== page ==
It’s probably unfair to compare Verity (2018) to classics of the gothic such as Rebecca and Jane Eyre, but the parallels are unmistakable. A young woman finds herself enthralled with an older man who harbors a terrible secret concerning his wife. Isolated at his home, the heroine must discover the secret and save him while he, well, broods.
Here, the protagonist is Lowen Ashleigh, a novelist who accepts a lucrative offer to complete the last two books of a successful series by Verity Crawford, who has been completely incapacitated by a car accident that follows close behind the deaths of her twin daughters. (As a side note, the names in this novel are ridiculous and distracting.) As part of her research Lowen travels to Verity’s home and sifts through her office, living at the isolated home and falling for Jeremy Crawford, Verity’s husband. She doesn’t find an outline for her novel, but she does find an unpublished autobiography by Verity which contains shocking secrets.
The book is a page-turner that I finished quickly, but it was ultimately unsatisfying and required too many suspensions of disbelief. Lowen spreads out her reading of Verity’s autobiography for reasons that don’t make a lot of sense (what does make sense is that Hoover needs the autobiography to unfold as the plot of the novel does). Towards the end of the novel, events unfold which only make sense if the Crawfords are surrounded by completely inept doctors and police.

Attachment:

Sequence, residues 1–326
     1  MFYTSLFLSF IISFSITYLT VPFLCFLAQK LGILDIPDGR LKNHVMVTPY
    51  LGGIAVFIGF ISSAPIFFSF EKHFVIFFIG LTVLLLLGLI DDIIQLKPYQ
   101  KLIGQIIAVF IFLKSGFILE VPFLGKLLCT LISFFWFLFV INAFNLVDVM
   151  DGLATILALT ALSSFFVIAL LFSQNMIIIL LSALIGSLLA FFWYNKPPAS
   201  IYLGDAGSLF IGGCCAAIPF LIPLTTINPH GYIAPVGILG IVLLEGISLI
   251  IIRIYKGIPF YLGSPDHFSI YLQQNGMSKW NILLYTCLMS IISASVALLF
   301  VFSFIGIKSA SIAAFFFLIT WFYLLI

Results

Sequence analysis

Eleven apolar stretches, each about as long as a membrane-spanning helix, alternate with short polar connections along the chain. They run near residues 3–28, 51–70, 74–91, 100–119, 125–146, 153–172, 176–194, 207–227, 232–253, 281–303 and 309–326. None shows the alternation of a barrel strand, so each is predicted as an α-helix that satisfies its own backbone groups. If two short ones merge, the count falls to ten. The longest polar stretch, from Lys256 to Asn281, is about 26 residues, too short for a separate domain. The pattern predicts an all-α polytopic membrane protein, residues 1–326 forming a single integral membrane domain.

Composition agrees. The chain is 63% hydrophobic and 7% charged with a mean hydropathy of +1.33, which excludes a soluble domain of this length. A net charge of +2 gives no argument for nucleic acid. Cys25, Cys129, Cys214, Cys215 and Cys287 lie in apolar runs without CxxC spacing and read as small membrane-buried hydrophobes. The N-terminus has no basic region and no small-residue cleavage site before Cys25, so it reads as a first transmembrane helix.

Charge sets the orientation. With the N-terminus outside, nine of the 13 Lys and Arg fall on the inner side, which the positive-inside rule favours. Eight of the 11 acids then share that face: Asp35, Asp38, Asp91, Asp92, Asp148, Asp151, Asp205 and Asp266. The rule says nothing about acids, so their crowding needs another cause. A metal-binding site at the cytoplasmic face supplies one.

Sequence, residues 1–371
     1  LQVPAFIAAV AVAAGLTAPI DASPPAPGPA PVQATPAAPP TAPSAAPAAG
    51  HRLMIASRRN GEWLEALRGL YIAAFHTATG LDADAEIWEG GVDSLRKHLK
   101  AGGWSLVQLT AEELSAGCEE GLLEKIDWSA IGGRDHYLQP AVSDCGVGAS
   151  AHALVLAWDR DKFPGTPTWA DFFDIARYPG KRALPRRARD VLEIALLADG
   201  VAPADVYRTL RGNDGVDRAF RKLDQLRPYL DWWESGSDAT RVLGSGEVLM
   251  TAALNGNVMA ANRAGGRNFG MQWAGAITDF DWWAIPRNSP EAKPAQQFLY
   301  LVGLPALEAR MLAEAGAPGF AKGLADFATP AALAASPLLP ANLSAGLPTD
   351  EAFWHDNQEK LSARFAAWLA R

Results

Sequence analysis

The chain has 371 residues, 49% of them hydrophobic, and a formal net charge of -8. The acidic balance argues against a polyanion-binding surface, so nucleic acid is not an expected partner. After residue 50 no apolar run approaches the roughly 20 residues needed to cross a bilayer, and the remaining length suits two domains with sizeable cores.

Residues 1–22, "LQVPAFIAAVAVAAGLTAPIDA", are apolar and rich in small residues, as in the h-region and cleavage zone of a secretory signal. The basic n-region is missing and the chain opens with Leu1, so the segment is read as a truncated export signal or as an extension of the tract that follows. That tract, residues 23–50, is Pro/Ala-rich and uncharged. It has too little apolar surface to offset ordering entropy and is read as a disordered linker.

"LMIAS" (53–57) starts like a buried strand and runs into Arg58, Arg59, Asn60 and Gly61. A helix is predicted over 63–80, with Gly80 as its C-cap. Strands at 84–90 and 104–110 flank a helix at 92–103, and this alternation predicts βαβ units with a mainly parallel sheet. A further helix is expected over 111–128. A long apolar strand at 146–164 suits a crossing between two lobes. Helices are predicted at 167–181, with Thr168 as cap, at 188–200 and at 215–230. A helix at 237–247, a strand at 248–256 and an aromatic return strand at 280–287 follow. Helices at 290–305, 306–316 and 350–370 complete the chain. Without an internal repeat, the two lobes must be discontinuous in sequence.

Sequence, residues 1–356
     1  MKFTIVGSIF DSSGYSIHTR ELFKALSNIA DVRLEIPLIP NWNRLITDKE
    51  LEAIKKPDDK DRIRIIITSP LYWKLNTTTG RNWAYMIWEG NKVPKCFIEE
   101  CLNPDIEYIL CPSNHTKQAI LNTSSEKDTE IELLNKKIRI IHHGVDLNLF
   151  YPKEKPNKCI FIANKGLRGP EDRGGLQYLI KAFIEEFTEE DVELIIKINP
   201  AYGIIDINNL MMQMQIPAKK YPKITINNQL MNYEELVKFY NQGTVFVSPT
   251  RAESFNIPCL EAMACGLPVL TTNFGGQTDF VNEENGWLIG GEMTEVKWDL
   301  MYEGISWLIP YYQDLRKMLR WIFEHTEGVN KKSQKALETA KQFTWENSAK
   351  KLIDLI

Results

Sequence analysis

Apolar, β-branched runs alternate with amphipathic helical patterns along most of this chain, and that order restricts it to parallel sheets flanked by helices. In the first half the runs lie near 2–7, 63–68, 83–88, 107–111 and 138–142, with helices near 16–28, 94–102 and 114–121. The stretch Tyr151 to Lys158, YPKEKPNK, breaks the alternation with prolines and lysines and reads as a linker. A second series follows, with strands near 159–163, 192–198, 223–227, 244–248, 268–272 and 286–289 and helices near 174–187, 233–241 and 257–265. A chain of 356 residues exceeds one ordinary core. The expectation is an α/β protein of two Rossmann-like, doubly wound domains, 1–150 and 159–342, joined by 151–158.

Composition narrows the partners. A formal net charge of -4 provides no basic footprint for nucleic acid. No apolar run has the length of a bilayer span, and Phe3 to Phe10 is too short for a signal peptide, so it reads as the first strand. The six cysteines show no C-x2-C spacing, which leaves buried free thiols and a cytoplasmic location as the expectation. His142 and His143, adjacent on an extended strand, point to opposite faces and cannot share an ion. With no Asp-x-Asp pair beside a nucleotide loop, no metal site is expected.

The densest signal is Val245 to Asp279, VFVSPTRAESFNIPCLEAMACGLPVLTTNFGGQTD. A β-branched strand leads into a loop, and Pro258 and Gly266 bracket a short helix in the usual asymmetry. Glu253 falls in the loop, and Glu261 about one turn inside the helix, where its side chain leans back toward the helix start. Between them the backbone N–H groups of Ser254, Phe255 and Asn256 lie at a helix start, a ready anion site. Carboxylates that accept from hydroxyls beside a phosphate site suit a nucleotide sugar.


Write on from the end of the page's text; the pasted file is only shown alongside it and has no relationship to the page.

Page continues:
There’s a nice theme about women writers and the power of their words. Lowen is a reclusive writer because she feels people are let down when they meet her: “And that’s why I stay at home and write. I think the idea of me is better than the reality of me.” It’s clever to pair Lowen’s insecurity with Verity’s incapacitation, which means we only know Verity through her autobiography. Overall, I wanted more of Lowen’s reflections on her own voice, and Verity’s, and less of the love triangle with the bland Jeremy.